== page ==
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News: NEC Classic Car Show 12th-14th November 2021
http://www.betaboyz.myzen.co.uk/forum/index.php?topic=4420.0
 
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Author Topic: Non Lancia parts availability  (Read 157 times)
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peteracs
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« on: November 05, 2021, 06:53:14 PM »

Hi All

I always thought getting parts for the Beta was hard at times, but did not think that parts for my 2009 Saab would be given there is quite a lot of commonality with other GM cars eg Vectras etc.

My Saab has been the most reliable used car I have owned, so far I have had one problem in 9 years which was a pin hole casting fault in part of the low pressure side of the fuel supply which I fixed with a drill/tap/bolt. Apart from that it has just been normal service items which is all easy DIY. I did change out the turbo after being told by a garage it was faulty, but I have my doubts as the reason they said it is still there today and that is 20k miles later with no problems in running etc.

One job I have put off and finally decided to do was replace the front discs, a normal everyday need you would think. Well sort of. The job is as you would expect, remove the wheel, calliper, calliper support and disc and replace in reverse order. Easy except the calliper support is bolted to the hub via two M14 bolts which are loctited to the support bracket. A bit of a pig to undo, there are reports on forums of folk having to use propane etc on them to get them undone, I managed with a long bar. The left side was completed no problem and I was in the process of replacing this carrier on the right hand side and tightening the bolts back up, they are pretty tight at 155 lb ft and then an extra 30 degrees. One of them just sheared.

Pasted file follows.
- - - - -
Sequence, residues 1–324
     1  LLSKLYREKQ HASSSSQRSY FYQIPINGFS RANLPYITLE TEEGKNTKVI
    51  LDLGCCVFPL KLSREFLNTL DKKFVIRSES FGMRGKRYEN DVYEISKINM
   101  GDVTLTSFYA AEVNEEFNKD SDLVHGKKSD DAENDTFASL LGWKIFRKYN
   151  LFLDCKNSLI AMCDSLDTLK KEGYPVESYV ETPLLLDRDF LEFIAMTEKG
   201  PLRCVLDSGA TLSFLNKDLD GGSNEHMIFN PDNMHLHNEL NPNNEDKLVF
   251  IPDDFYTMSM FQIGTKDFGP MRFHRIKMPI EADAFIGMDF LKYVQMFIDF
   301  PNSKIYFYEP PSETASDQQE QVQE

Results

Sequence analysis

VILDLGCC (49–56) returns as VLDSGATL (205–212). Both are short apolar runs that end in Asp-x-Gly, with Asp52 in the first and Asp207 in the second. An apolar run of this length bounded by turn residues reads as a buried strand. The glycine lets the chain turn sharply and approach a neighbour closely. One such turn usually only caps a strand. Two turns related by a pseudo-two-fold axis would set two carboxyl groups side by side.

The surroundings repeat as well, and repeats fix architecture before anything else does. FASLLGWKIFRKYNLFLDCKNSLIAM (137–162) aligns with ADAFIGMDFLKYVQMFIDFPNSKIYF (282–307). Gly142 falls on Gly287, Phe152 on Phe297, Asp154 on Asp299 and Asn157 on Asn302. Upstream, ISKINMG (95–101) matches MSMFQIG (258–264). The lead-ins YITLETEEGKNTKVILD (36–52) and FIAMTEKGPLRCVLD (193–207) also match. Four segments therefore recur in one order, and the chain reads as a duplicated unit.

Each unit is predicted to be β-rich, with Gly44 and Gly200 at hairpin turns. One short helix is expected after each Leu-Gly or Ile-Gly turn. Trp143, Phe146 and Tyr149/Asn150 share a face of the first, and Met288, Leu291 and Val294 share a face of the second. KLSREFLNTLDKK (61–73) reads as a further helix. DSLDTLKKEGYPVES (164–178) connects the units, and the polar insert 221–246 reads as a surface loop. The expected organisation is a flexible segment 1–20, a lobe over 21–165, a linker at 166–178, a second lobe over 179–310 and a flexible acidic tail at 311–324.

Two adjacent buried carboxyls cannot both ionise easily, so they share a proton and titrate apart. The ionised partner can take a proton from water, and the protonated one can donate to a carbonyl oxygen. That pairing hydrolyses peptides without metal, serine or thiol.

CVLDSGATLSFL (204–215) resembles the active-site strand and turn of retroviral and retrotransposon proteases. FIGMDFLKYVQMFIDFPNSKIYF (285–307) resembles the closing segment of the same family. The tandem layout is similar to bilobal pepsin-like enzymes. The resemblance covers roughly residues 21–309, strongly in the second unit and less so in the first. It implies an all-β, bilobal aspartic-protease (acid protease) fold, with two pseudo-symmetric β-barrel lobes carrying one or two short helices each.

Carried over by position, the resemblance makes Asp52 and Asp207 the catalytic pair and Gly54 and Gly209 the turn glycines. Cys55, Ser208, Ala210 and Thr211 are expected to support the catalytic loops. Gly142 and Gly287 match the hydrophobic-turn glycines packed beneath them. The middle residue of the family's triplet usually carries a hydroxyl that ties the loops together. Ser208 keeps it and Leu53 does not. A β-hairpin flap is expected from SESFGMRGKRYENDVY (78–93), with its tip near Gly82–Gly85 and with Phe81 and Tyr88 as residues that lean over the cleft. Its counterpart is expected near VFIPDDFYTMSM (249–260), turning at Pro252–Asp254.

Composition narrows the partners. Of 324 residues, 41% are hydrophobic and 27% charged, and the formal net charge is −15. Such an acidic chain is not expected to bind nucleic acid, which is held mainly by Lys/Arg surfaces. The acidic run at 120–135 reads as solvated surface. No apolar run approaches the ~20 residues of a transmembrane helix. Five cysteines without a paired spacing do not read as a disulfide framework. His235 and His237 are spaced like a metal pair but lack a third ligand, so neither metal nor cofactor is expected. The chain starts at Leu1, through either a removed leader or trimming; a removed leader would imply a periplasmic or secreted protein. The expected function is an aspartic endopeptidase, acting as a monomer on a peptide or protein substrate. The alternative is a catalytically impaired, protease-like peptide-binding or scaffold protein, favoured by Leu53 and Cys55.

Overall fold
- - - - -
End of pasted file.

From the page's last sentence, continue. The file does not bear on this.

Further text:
So began a trawl of the internet and phone calls to Vauxhall who have the self same brakes on 2002-2008 Vectras as I understand it and the Saab and Vauxhall part number is the same. Apparently it is no longer available from Vauxhall. That is what amazed me, how quickly what is likely to be a common failed part has become obsolete. I can get one apparently via Saab parts but only via special order, so have sourced a high tensile bolt of the same size elsewhere as I need the car back on the road. One wonders how many other parts just will not be available within 10 years or so of a car going end of production life?

Peter
« Last Edit: November 05, 2021, 08:35:10 PM by peteracs » Logged

Beta Spyder S2 pre F/L 1600
Saab 9-3 1.9Tid Cabrio
Neil-yaj396
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1979 1300 Coupe


« Reply #1 on: November 06, 2021, 11:47:34 AM »

Manufacturers have no interest in the long term maintenance/retention of their cars. No very green of them at all, but there you are.......
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HFStuart
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« Reply #2 on: November 06, 2021, 01:14:24 PM »

Especially when it's an M14 and probably fine thread which aren't allways easy to find as they aren't widely used outside automotive.
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peteracs
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« Reply #3 on: November 06, 2021, 02:43:42 PM »

Hi Stuart

Actually coarse thread, 2mm pitch.

The bolt also has a flange and is an etorx, but the ones I have found are normal hex head, but flanged so should do the job.

Peter
« Last Edit: November 07, 2021, 02:06:19 PM by peteracs » Logged